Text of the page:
A new community engagement campaign called WhyWeRise seeks to increase awareness of mental health access as a civil rights issue and increase civic engagement. The campaign reached its target audience—people aged 14 to 24—and showed signs of changing attitudes toward mental illness.
Effective drug prevention in America could start by helping school districts adopt programs that work. These evidence-based programs can teach children to make wise and responsible decisions about drugs, and they won't break the bank.
Telehealth can bring care into communities that have limited access to providers or facilities. But it must be integrated into a well-functioning system that can address the added needs that telehealth generates.
Public health leaders should be able to articulate the business case for their work and should have the skills to work with others outside the health sector. Schools could help by preparing students to think beyond the traditional boundaries of public health.
The United States has made life-saving progress on crisis support for veterans. Now other suicide prevention services need help. Progress made by the VA could provide a blueprint for improving suicide prevention services for all Americans.
A bill legalizing marijuana for recreational purposes in Vermont has a strong possibility of passing. Lawmakers and communities should focus on putting in place drug prevention programs aimed at young people, considering that their marijuana use is higher in Vermont than the national average.
As familiar as Americans are with the problems of youth drug and alcohol abuse, we are not identifying all the potential solutions. While observers criticize overemphasis in U.S. policy on enforcement and scant resources devoted to treatment, the focus on these approaches often ignores a key piece of the puzzle: prevention.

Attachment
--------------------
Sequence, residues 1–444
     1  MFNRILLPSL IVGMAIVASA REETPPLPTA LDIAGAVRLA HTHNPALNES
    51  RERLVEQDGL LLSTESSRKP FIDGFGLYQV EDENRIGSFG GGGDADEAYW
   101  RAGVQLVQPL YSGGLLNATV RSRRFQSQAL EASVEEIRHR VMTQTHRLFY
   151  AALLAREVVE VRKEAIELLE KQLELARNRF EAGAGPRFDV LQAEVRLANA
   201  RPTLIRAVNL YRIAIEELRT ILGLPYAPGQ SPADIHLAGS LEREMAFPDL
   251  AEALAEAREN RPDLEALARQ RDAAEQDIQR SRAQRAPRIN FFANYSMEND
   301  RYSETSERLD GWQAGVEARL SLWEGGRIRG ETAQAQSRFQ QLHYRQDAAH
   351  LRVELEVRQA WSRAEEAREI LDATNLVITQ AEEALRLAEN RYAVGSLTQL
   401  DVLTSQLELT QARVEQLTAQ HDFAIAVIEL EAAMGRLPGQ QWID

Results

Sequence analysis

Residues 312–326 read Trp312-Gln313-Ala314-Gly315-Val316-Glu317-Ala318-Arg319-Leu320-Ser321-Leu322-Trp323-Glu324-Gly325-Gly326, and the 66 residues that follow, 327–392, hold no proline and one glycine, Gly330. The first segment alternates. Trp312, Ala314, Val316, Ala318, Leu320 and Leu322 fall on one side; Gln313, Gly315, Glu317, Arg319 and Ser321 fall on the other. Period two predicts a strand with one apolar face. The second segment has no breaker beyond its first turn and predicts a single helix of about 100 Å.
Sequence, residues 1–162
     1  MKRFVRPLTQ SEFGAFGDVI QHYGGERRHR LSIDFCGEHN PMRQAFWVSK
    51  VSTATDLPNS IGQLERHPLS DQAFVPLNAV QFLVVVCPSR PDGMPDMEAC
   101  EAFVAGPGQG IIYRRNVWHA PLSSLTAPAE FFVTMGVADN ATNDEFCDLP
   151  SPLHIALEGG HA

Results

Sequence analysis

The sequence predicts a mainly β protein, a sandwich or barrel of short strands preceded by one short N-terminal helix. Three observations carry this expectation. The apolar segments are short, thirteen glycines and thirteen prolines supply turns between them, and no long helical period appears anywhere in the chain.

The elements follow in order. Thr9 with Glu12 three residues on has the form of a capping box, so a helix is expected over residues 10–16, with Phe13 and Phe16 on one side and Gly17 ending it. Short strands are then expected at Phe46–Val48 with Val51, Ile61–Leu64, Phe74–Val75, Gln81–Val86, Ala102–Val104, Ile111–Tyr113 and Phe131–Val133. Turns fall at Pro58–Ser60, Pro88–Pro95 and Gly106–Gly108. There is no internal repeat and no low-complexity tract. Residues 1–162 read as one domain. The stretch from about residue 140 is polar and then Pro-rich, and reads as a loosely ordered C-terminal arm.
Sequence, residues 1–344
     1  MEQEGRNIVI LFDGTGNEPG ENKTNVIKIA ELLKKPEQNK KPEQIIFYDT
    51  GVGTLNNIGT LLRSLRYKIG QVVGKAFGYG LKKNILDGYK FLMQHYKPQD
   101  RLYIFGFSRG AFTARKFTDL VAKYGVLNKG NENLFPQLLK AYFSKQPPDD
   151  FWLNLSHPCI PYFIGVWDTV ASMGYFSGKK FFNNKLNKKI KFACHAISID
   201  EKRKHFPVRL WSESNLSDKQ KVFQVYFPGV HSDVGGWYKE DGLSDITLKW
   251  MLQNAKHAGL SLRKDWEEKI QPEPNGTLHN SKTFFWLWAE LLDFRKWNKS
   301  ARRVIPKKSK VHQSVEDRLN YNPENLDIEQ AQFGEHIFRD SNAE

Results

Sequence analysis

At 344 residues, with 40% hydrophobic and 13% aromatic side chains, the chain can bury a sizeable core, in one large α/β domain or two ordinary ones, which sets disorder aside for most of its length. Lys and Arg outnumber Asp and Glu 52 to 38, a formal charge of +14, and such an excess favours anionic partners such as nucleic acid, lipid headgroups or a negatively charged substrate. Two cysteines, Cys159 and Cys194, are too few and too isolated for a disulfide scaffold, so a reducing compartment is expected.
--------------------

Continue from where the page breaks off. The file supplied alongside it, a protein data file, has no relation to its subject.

Wellness programs do in fact reduce health risks, like smoking and obesity, write Soeren Mattke and Kristin Van Busum. But resulting cost savings could not be detected, especially when compared to the costs of the programs.
While our research has taught us many things about suicide prevention we think additional research is critically needed in two areas, writes Rajeev Ramchand. The first is gun control. The second area is the quality of behavioral health care available to those who need it.
Community-based practitioners can improve their programs using Getting To Outcomes®, a toolkit, training, and onsite-support package which enhances their ability to prevent drug and alcohol use among youth.
A new field called implementation science addresses the issue of how to best support providers to take up new, research-proven treatments and implement them well. A RAND study will test how well Boys & Girls Clubs carry out a program proven to prevent teen pregnancy and sexually transmitted infections, with and without an intervention called Getting To Outcomes.